>> to incorporate private data. This is one of the design goals of
>> Access-Control, that it is a generic loading mechanism, rather than
>> limited to a particular API.
> The downsides of inventing a URI scheme include:
> 1) URIs using this scheme will not parse into components properly (the 
> feed: scheme has this problem)
> 2) The scheme really should be registered through IANA, which will be a 
> bureaucratic hassle
> 3) IANA would probably be hesitant, because user-private: does not 
> describe a new resource access method, it just describes what headers 
> you want to send, which in http is separate from the URI
> 4) It is in fact a valid point that this violates the design of URI schemes

All good points. I guess I'm more ok with it since we already deal with 
this stuff in gecko a good bit, as we already do support nested schemas.

> 5) Code throughout the system will have to know to special-case this URI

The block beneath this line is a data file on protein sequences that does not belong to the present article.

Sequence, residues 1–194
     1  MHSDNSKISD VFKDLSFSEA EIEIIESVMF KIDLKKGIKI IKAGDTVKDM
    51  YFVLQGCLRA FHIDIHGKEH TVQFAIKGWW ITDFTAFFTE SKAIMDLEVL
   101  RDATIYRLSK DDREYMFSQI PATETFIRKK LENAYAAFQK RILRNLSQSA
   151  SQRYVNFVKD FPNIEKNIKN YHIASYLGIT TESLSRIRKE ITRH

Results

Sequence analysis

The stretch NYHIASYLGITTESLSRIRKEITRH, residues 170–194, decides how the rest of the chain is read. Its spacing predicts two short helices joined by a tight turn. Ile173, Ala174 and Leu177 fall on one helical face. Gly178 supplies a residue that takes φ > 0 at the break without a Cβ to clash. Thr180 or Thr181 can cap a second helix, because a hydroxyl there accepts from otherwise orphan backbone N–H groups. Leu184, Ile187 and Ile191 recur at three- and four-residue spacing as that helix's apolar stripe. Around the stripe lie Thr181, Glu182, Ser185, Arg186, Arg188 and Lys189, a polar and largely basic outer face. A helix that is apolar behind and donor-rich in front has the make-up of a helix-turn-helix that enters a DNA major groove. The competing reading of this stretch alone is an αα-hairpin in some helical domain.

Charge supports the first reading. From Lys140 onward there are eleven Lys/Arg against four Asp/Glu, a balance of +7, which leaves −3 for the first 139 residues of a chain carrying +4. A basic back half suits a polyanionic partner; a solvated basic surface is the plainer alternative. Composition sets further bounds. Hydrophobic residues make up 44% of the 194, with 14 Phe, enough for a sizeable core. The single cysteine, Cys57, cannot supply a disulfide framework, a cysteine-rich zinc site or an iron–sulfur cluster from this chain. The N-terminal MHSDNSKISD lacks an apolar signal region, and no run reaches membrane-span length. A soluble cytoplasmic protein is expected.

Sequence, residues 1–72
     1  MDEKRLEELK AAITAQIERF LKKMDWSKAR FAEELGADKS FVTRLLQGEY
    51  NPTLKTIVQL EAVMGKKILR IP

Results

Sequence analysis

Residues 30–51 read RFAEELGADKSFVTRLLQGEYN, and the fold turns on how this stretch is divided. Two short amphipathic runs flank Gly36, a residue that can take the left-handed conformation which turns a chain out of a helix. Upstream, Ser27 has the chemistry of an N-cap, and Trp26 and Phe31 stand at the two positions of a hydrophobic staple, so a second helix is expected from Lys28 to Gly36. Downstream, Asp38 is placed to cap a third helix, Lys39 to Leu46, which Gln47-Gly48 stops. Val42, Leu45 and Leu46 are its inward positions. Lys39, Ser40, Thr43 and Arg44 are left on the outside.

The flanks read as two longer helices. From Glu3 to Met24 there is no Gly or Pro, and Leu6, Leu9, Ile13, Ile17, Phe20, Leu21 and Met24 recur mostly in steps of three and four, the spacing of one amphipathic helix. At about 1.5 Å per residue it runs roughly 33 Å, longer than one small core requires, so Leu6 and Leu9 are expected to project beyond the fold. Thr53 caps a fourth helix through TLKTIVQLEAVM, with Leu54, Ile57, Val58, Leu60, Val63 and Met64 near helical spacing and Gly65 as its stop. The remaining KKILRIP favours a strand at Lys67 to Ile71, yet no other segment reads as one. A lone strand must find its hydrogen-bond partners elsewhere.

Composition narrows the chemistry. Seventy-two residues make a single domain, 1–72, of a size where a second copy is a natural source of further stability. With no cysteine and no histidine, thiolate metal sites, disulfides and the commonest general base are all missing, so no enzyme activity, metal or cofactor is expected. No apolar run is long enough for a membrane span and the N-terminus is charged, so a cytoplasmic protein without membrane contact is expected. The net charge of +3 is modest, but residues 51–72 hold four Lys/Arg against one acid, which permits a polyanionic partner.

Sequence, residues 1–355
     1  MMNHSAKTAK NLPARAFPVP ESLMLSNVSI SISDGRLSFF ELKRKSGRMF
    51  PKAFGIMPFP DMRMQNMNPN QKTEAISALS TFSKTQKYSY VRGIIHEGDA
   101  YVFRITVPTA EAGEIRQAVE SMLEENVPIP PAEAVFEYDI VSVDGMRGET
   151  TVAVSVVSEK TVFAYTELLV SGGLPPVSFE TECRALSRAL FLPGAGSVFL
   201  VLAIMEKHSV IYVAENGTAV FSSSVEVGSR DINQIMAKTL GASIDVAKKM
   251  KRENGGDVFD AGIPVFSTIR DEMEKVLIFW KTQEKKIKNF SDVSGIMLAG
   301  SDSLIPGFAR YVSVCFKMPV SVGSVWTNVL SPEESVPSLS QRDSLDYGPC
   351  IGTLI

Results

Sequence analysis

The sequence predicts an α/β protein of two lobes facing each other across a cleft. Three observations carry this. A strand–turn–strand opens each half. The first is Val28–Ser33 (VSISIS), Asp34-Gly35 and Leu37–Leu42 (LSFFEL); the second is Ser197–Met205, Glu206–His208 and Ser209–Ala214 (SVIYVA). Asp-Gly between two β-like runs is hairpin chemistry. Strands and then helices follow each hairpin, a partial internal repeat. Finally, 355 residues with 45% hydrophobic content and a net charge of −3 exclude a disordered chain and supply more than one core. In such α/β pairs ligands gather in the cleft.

> scheme to treat it as equivalent to the corresponding HTTP URI

Not neccesarily, you'd just need to strip the "user-private:" part in 
the Access-Control implementation which means that most of the system 
would just see the HTTP URI.

> Compared to that, I think the benefit of retrieving user-specific XSL 
> stylesheets with credentials seems pretty low.
> In general, even though Access-Control originated as a generic 
> mechanism, the XHR use case is clearly far more important to the Web 
> than any other and we shouldn't stuff out-of-band parameters in the URI 
> just for the sake of the other relatively minor use cases.

I do think there is a lot of value in a generic algorithm. Though I 
would be fine with doing the flag too. We can always consider a URI 
schema in a second version if there is a demand for it.

>>> However, I am not sure I understand the purpose of extra client-side 
>>> opt-in to cookies. Presumably the client side is cross-site and